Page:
You know the feeling. You’ve spent the day enjoying your favorite holiday dishes, treats, and drinks. It was so much fun, but now your stomach is in knots or so bloated even your sweatpants don’t offer relief. It’s uncomfortable, to say the very least.
One of the best things about the holidays is the food! Indulging in the snacks and sips of the season is something you should absolutely do, but a little prep work before and after those rich meals will keep you and your gut happy for the holidays.
Ask for seconds of fiber-rich foods.
Load your plate with fiber to help your digestive system keep things moving. Fruits and veggies are a great source, as are whole grains. Tell your family you’ll handle the veggie tray this year, and maybe sneak some probiotic-packed kimchi or sauerkraut onto the tray for even more gut-friendly goodness.
Drink lots of water.
The holiday season means lots of wine and spirits, but try and drink a glass of water between cocktails not only to keep you from overdoing it, but also to stay hydrated throughout the festivities. Just remember to sip, not gulp your daily H20; drinking too much too fast can make you feel uncomfortably full and bloated. When you’re hydrated, you’re less likely to be constipated later.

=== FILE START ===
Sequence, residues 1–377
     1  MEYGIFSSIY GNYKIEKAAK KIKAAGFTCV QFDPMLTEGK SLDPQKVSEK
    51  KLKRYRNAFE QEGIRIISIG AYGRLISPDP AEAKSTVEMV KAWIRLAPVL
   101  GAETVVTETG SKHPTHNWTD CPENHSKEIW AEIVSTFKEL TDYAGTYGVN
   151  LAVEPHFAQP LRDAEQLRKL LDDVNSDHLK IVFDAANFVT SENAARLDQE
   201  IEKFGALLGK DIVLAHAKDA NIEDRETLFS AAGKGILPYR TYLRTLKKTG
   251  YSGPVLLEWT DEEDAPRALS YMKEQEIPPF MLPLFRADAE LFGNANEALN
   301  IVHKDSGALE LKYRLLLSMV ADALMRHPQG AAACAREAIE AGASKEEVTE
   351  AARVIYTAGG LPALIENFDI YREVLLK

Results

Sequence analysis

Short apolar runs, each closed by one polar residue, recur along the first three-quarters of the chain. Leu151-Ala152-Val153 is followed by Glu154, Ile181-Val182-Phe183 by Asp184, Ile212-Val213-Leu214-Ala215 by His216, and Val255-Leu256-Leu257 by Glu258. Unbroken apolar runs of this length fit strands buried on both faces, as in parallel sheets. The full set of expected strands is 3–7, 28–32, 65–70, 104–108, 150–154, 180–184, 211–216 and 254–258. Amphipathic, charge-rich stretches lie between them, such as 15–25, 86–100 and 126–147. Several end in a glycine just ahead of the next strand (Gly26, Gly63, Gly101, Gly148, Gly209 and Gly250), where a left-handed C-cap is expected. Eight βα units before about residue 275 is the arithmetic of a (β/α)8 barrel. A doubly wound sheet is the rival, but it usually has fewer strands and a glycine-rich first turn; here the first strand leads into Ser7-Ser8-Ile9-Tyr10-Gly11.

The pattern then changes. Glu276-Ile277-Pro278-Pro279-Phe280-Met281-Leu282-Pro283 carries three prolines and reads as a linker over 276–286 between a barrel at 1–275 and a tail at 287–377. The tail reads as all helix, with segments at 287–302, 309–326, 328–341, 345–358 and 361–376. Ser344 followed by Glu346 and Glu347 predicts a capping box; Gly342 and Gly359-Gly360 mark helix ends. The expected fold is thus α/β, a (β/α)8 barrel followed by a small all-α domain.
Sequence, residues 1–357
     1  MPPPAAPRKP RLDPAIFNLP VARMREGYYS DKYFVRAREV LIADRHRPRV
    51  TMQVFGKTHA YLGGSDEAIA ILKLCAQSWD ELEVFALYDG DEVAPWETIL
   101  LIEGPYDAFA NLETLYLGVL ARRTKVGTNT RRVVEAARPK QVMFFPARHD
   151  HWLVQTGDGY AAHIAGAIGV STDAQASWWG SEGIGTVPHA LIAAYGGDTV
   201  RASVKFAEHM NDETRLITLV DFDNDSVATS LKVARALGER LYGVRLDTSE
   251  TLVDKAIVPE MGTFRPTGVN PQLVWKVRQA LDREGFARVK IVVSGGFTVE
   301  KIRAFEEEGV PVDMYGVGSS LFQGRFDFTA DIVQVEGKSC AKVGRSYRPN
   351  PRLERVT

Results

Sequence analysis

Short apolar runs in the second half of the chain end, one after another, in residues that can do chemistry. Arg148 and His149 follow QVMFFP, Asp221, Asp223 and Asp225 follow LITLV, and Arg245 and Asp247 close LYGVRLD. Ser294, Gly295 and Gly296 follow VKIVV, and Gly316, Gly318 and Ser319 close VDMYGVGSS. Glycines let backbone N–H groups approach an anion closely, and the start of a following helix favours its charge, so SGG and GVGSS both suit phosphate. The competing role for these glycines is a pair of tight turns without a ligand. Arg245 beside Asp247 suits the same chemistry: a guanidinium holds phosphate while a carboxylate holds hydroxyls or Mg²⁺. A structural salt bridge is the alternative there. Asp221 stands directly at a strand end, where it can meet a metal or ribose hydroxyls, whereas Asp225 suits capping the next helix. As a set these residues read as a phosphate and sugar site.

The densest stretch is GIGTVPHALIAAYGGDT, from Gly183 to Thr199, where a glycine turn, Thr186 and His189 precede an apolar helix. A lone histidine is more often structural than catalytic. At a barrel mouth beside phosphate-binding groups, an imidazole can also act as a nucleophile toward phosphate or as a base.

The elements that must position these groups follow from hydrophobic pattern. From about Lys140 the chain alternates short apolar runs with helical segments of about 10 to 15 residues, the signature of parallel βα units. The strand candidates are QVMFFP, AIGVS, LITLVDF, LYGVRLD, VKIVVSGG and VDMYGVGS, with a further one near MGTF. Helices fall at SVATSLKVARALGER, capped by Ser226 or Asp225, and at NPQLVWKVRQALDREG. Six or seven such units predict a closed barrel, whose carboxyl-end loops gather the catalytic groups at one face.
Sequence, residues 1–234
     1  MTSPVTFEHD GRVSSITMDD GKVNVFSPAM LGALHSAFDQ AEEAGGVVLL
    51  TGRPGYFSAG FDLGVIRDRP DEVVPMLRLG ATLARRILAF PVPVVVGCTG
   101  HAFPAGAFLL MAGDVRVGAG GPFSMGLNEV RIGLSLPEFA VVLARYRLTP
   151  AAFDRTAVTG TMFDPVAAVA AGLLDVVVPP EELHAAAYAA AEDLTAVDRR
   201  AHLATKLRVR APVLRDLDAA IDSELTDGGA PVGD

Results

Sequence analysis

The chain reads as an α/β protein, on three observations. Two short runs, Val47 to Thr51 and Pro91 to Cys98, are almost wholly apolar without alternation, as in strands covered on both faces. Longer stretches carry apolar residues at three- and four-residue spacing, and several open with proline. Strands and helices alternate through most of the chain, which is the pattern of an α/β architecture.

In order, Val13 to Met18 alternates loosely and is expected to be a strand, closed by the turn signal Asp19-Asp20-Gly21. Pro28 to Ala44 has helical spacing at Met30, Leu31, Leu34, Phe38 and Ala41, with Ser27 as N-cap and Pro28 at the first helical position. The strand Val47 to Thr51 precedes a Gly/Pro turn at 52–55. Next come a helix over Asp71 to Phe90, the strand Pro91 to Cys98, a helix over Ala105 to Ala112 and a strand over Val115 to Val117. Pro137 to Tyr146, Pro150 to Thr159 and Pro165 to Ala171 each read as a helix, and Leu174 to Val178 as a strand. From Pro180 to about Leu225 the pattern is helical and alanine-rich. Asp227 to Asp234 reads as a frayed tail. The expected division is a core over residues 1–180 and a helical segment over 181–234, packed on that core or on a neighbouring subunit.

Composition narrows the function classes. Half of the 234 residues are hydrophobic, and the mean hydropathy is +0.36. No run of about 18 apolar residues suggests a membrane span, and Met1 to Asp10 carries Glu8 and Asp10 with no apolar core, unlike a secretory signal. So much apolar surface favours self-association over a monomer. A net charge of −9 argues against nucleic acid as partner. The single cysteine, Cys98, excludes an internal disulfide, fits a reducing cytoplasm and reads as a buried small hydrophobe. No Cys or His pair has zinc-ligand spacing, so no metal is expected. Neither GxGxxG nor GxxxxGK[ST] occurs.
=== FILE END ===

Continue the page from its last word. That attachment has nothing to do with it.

Walk it out.
Get the family involved on a post-dinner walk — after the dishes are done, of course. Getting some light exercise after a decadent meal can help stimulate digestion and keep things moving through your system, and a few extra steps never hurt anybody! Plus, going for a walk instead of snoozing on the couch keeps your energy up.
Stop when you’re full.
Eating mindfully means you can enjoy all your favorite holiday foods without overdoing it. Focus on your food, chew thoroughly, and pay attention to how your body responds.When you’re full, resist the urge to take one more bite and instead step away from your meal. You can always come back for seconds later.
Sip on peppermint tea.
If you overdid it, soothe an upset stomach with a comforting cup of warm peppermint or licorice tea. Both have been shown to soothe and calm digestion. Ginger and peppermint can also be helpful if you get nauseous or queasy while traveling to Grandma’s house for dinner, so pack some of your favorite blends just in case.
Stretch it out.
Stretches like the cat-cow, child’s pose, knees-to-chest and side twists can be a great way to combat those groggy, heavy feelings after a rich meal. Find a quiet space after you eat and gently stretch for a few minutes; your body will thank you later. (It’s also a great way to escape any potentially stressful family discussions, in case you’re looking for an excuse to leave the table.)